To the tech who shook his head and said “Really?” as I carried my son into the room he was being transferred to following surgery. I know this is your job and you are incredibly busy. You probably have more to do during your shift than you should, which makes it difficult to do it all well. But this is my son whom I love more than anything in this world. He just endured another surgery. He is in pain, scared, and feeling miserable. Please show him a little kindness and compassion, and even though it isn’t your job, make me feel welcome. I’m scared and nervous too because I haven’t done this before. This surgery, this recovery, this experience is all new. I don’t know if it will be a smooth recovery or one filled with complications. I don’t know how the next 24-48 hours will go. I’m sleep deprived and anxious and want only the best for my son. Please be that for him; be the best. He is an amazing little boy who deserves it. He’s not just another patient they sent up before the room was ready, who will be here for a day or two, be discharged, and leave you to do it all over again. He’s my son and he matters.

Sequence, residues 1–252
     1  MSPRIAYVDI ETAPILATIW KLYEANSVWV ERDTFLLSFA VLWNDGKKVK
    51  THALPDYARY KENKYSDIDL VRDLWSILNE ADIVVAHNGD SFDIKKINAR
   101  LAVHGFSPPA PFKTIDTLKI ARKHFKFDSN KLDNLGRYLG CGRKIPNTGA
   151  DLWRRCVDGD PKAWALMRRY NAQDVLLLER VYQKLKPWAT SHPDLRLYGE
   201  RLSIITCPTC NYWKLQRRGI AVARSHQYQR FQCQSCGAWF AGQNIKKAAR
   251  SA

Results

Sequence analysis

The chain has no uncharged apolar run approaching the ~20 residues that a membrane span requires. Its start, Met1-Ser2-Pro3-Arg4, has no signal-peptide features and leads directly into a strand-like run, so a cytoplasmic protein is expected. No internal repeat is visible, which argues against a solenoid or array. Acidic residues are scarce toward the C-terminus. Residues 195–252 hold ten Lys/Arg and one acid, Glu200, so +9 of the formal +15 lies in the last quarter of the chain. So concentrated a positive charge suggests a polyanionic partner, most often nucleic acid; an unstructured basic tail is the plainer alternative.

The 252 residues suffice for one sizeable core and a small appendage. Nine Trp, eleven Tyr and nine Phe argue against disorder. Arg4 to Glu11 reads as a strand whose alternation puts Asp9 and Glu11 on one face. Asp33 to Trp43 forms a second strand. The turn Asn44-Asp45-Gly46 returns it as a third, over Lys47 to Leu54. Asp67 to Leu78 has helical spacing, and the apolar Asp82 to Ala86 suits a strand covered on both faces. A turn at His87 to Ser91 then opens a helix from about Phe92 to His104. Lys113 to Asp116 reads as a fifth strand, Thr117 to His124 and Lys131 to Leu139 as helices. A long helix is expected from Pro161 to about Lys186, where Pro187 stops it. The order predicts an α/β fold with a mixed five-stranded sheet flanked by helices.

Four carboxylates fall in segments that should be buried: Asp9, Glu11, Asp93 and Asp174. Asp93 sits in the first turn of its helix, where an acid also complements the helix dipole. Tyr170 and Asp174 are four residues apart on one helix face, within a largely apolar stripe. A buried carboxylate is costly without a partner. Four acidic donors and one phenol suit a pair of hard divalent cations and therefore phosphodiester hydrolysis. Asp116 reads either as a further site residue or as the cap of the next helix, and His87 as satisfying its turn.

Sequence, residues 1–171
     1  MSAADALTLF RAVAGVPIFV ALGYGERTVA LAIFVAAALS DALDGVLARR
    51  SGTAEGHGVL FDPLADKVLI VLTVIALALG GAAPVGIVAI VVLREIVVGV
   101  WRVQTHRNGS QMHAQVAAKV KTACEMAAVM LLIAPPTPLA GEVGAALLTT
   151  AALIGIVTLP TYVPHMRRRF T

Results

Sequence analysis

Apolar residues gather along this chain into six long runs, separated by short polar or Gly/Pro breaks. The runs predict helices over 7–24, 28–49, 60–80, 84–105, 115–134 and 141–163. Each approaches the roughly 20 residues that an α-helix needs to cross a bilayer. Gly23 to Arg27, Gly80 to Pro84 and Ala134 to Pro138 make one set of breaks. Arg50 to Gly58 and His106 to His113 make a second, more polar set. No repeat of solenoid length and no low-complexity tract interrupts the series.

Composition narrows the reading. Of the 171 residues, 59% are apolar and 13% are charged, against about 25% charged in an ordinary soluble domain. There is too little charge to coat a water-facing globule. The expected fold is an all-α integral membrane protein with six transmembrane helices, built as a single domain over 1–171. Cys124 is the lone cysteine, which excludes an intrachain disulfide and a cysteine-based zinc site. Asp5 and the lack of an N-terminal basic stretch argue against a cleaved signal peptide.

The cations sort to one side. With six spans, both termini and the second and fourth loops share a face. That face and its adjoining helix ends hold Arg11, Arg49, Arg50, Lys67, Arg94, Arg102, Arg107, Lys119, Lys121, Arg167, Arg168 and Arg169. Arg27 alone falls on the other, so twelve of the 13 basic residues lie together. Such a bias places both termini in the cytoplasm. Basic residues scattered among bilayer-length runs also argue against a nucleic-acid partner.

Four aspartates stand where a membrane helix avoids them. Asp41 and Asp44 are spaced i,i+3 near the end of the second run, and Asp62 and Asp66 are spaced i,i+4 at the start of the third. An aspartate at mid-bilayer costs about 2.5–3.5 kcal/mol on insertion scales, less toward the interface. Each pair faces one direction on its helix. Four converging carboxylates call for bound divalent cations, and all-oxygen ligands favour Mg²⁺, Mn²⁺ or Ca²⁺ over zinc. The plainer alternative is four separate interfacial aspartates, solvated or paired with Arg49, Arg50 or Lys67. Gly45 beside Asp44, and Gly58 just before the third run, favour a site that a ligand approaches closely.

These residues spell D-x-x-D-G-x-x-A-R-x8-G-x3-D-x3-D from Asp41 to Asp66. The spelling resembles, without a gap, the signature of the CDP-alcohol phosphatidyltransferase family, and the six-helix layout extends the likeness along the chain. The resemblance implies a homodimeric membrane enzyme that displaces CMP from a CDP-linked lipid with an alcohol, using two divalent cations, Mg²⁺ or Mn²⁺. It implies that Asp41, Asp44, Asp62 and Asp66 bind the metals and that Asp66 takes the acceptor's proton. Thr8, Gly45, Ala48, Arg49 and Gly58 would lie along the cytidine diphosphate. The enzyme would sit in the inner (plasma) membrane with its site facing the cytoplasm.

Our body language, our actions, and our words can have a profound effect on others, especially when they are hurting. We are impacting lives moment by moment. Just think of all the good we can do when we slow down briefly and offer a little compassion. A smile. The words, “I understand.” We’re all busy. We all have struggles and hardships we’re facing, but when we take a moment to do the stuff that really matters, that’s when we can change lives. That’s when all your experience pays off and you can do what matters most. You can offer comfort to someone in pain. There isn’t much in this world more important than that.

This page's content was last updated on Apr 5, 2018 @ 2:25 pm